Universities in the United States (US) are the envy of the world because they attract students from all over the world, due to the high quality of education that they offer. Many, however, are confronting severe challenges in the areas of affordability and access. In South Korea, since World War II, and in Singapore in recent decade, top-tier universities are increasingly modelling themselves after US research universities. It is therefore important that policymakers in Asia pay attention to issues faced in the financing of US higher education, though a number of fundamental differences should be noted.
The university systems in Asia, and particularly the prestigious, research-intensive universities, tend to be public ones. They were established in their current form after independence, in tandem with the setting up of national education systems and other administrative apparatuses. Although the direction has shifted towards greater institutional autonomy and corporatisation of the universities, in general, governments continue to exert considerable influence in their operations. This has meant relatively more state control over the setting of tuition fees, which are lower compared to the US system. The quality of education in some universities in Asia may indeed be a long way from their counterparts in the US. Quality and access may even be seen by some as competing values in a zero-sum game.
I outline some of the current concerns around the problems of college access and affordability in the US in this article, and offer some policy perspectives to the problems now emergent in Asia. In today’s knowledge economy, earning a postsecondary credential has become a prerequisite for employment. There is much evidence pointing to a correlation between the educational attainment of a state’s workforce and median wages; in general, additional years of education result in higher earnings. However, while most Asians still want a college degree, students in the West are questioning the value, given the mounting costs.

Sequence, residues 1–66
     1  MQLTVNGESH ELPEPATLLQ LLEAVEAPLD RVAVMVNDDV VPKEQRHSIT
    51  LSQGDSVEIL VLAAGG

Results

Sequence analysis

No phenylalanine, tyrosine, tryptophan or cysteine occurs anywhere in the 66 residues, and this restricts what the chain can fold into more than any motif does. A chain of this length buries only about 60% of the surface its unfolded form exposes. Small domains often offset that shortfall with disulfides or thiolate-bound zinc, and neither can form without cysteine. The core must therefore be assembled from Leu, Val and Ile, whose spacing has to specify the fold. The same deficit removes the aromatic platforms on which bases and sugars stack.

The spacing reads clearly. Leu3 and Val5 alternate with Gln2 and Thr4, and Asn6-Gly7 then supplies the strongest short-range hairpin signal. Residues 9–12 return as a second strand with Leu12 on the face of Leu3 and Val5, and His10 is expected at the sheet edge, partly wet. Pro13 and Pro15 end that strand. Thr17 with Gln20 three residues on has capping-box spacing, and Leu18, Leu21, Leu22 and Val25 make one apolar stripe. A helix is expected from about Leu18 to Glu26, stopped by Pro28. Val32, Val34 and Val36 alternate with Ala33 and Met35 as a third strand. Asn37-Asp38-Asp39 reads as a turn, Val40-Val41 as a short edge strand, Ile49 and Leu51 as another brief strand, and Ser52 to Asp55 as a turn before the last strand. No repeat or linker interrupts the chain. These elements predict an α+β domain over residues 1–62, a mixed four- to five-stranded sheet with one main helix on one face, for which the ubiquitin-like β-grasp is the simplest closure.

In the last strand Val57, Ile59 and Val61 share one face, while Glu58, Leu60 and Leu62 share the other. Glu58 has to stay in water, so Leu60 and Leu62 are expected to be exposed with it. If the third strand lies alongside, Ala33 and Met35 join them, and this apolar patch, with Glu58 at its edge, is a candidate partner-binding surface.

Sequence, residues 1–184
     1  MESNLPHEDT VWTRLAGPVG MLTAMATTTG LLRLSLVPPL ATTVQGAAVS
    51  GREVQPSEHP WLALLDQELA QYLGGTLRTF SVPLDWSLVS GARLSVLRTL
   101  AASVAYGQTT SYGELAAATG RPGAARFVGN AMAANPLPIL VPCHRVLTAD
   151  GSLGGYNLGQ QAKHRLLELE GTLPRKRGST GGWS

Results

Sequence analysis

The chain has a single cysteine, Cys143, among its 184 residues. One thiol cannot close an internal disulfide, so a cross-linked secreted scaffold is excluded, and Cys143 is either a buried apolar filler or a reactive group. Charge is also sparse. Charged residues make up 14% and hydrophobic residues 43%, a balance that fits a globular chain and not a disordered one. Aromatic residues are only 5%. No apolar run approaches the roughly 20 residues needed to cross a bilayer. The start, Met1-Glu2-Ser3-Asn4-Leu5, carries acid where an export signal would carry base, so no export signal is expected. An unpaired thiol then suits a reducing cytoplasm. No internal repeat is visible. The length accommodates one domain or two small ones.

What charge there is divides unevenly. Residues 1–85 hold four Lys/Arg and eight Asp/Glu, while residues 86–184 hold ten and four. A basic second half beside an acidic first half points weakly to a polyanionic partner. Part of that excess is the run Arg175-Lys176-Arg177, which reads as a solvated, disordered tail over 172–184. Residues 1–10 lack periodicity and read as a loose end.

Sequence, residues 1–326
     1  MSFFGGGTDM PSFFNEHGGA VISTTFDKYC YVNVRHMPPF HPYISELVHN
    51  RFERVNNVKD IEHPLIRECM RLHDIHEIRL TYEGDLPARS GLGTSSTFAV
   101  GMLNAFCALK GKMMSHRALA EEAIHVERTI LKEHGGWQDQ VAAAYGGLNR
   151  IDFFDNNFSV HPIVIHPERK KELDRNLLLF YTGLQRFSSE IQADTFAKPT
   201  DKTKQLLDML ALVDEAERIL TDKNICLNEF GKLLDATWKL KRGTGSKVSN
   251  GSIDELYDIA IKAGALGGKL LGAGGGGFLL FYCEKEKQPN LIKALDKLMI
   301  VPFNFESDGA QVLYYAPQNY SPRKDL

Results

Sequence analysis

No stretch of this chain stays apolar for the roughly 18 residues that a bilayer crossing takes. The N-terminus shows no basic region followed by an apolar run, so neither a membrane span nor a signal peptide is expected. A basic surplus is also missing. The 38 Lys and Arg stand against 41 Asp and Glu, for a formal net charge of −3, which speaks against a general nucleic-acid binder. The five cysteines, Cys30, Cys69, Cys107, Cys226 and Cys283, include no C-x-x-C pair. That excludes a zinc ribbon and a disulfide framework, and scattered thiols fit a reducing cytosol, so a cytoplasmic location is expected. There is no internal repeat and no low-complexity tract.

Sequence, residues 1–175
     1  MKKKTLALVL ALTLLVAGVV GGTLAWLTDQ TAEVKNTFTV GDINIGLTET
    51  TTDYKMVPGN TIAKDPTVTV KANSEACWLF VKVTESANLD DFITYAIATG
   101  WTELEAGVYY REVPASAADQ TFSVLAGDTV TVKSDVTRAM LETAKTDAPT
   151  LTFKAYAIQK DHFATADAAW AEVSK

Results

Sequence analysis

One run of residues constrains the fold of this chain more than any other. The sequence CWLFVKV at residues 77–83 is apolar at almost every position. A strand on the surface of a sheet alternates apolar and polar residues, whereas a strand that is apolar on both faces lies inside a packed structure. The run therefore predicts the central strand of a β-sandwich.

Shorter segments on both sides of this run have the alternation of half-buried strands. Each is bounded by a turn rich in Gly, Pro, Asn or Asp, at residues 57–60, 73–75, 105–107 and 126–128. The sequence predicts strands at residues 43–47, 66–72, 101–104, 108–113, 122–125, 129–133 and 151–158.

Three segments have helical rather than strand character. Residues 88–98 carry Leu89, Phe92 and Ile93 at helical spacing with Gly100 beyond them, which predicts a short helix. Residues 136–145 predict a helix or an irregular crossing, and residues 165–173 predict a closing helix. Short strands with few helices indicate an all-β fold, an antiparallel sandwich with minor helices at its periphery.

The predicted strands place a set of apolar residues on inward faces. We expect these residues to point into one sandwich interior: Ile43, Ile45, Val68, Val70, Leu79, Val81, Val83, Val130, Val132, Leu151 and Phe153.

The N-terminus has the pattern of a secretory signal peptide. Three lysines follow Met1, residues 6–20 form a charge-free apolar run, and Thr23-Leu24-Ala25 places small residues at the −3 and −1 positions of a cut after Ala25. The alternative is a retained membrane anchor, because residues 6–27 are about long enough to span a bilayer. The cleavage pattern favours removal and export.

Community colleges in the US, which are two-year public institutions offering skills training as well as a pathway to a four-year university, have been seen as important for students from low-income families, and have a large representation from minority groups.
INCREASING COST OF COLLEGE AND DEBT GLOBALLY
The cost of a college education has increased manifold over the years and exceeds the rate of inflation. Tuition has increased four times compared to the consumer price index, with the actual cost rise in the US at a staggering 1,100% since the 1970s.
In April 2016, Times Higher Education reported that graduates in England face higher debts than do their counterparts in US — in fact higher than all English-speaking countries. There are a number of reasons for the exponential increase in debts related to college education worldwide. In private colleges and universities, the rising costs are attributed to the costs of professors and other personnel, the costs of new facilities and technologies and the costs of other novel state-of the art facilities, such as campus-wide Wi-Fi. For public institutions, the cost increase to students is directly related to funding cuts at the government and state levels. The higher costs for operations are passed on by the institutions to the students, and this is reflected in tuition fee increases. This results in higher student loan and debt, and students graduate either being unemployed or underemployed in a weak economy.